For anyone in Germany or the rest of Europe, you can get Jala from me through and through the from my friend's shop - Schorims Tropenwdchen. You can just do a search for "riesen mais" or to search for giant sunflowers "riesen sonnenblume"

You can also find Jala from me through P&P World Record Seeds, along with many of my giant sunflower varieties and other giant vegetables.

    Bookmark   March 9, 2007 at 5:36PM
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The statement intrinsically cannot be correct or incorrect. The issue could entail a hesitation which could come in identifying the plant which is "huge". The tallest plant in the photos is shown in a broadside shot, being exclusively leafy (as mentioned above), 20' in height, and has no tassel. The new seed source is the USDA, at:

This accession is temporarily unavailable since Brian ordered it; however, Jal 44 is available here:

And 4 decent ones are available here:

The 2834 most-likely was the USDA's composite of the oldest available collections which occurred just before some possible contamination, about which information was given on this site by a person who did not site the source, which would have legitimized his claim and made reading the claim more worth one's time, and would have given basic respect to the author, as is the professional custom, which is based on a fundamental understanding of how the fabric of a fair society is sustained.

Since Brian basely sabotaged my interest in disseminating seed to individuals via the link that I posted, (diving to serious professional and personal libel, attacks, and threats by boorish acquaintances - disclosures of stalking my previous address and-all - due to anger in response to the questions that I asked him through the internet) he preserved his desire to be the lone salesman of a shorter maize on the internet. The tallest maize which the USDA has to offer can be found and ordered from the list:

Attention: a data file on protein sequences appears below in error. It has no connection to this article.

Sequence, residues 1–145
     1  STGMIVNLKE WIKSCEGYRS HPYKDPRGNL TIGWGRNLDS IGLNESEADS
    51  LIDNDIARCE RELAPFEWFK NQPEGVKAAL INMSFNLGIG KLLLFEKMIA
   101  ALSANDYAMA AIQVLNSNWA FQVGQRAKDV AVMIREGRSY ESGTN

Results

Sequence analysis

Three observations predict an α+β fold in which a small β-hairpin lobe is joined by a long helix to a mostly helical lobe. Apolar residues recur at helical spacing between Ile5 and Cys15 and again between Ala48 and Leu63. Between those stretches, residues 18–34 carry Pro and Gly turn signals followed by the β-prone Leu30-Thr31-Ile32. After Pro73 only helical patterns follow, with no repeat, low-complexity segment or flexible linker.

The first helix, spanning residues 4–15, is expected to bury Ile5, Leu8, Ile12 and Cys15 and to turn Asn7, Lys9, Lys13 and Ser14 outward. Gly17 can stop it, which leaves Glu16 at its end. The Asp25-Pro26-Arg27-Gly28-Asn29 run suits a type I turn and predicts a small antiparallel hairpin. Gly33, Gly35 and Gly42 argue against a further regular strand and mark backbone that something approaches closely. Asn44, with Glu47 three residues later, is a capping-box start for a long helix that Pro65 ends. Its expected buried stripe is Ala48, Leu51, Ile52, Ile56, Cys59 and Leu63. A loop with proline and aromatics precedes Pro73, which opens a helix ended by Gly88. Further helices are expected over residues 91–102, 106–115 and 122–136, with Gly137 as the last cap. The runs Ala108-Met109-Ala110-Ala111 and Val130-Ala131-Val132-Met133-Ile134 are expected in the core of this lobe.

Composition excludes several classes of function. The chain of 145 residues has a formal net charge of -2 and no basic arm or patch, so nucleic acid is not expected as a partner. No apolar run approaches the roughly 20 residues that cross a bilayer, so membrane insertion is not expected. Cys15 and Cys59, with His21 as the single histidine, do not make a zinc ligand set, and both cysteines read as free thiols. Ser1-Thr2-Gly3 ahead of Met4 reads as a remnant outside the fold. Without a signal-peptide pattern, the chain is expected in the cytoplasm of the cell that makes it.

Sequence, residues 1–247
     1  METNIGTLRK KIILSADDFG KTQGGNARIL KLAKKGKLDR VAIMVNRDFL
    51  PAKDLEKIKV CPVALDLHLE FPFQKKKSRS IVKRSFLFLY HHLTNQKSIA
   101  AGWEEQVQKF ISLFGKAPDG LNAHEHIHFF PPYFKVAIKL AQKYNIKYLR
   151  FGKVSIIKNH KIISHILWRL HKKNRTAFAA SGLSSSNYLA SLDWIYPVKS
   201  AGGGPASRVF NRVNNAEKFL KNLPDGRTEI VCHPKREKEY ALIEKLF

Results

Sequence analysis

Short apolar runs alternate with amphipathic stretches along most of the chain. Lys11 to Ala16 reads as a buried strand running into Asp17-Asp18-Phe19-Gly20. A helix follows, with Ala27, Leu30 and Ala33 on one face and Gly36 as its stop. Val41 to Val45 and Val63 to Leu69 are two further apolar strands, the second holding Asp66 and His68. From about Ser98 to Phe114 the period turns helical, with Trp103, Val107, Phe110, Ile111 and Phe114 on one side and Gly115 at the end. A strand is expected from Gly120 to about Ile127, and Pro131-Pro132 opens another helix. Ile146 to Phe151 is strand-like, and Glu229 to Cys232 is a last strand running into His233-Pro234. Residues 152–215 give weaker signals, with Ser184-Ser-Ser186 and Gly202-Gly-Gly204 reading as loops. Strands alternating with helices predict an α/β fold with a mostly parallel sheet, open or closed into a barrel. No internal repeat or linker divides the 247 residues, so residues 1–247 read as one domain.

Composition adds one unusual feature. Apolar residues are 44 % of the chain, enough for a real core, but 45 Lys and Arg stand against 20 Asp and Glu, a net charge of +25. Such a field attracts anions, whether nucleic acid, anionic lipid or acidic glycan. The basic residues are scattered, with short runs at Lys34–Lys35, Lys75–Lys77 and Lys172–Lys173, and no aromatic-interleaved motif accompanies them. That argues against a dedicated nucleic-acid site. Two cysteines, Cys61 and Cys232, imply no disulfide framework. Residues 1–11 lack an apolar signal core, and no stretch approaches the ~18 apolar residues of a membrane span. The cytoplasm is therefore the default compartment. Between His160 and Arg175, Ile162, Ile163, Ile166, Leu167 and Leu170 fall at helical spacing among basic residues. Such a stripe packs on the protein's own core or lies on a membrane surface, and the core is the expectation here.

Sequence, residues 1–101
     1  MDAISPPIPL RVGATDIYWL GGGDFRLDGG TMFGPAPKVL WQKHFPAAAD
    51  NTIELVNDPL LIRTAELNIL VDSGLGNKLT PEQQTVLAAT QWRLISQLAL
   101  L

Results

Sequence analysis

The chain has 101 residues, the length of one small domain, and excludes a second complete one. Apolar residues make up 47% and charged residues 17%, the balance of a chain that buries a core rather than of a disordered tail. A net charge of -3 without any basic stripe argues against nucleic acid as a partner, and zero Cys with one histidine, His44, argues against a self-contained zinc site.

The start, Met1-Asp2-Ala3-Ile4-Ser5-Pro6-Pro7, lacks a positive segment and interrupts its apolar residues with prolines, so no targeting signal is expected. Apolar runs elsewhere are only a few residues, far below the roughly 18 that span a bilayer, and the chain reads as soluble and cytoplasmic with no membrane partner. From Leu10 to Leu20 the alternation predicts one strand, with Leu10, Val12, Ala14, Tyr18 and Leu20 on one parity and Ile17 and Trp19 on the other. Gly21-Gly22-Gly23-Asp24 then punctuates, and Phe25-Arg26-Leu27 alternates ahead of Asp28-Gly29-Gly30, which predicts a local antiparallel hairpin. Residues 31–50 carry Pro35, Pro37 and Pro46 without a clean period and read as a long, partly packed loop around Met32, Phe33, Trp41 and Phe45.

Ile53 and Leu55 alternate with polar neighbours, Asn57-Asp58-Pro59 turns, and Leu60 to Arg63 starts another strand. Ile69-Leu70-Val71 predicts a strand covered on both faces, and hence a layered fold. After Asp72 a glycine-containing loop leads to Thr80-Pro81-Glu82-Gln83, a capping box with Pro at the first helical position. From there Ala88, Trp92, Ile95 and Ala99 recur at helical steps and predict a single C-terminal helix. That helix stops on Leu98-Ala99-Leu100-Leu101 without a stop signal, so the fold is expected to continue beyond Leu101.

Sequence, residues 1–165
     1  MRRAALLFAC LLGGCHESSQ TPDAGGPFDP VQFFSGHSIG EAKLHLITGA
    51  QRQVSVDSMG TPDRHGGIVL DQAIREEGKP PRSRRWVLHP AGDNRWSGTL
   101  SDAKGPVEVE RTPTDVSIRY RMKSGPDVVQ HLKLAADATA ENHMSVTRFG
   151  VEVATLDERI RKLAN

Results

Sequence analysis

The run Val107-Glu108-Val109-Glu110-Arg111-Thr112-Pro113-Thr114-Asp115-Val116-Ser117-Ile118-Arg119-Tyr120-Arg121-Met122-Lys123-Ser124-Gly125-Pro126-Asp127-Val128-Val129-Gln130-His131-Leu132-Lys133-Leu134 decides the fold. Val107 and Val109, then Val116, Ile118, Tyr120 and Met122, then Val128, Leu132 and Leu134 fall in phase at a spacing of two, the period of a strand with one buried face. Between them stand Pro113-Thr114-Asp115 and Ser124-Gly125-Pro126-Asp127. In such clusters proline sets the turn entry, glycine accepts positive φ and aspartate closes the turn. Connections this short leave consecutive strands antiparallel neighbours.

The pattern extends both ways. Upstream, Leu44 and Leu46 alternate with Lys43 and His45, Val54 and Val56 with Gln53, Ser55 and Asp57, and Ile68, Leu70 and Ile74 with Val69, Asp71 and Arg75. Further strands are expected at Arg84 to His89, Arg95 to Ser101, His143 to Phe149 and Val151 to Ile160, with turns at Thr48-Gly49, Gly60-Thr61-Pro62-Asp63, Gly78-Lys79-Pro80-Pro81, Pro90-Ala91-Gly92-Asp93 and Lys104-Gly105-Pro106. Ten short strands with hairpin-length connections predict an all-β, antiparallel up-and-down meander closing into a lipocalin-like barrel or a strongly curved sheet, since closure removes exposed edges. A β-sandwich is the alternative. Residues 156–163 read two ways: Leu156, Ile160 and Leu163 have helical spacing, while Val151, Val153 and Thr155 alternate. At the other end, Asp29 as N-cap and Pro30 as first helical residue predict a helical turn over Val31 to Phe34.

It is substantially taller than Jala. And if you want tall Jala (Brian said he was out, just before traducing me, but if he isn't, then his seed may have a few tall segregates because the oldest Jala accessions might be taller due to the contamination in the late 40's, and 2834 probably is of these earliest collections) then order the earliest accessions. I cannot find the identity of the Jala which I sent Brian; however, 2834 was taller and less diseased that that which I had sent him because most likely it was not a composite and it also was the mature seed that I had at the time, the taller plants only having immature seed.

The banks were not rigged for supplying the seed to soliciting parties every year, like a catalog or store; the accession should only be requested once and you have to increase the seed yourself thereafter. So good luck in preserving future access to the bank. The tallest maize requires three weeks of 14 hour completely uninterrupted long nights to make seed, and heterosis is negative for photoperiodicity,thus, could ruin height.

It's all yours Brian! Good-luck if hell exists!

    Bookmark   April 7, 2007 at 1:00PM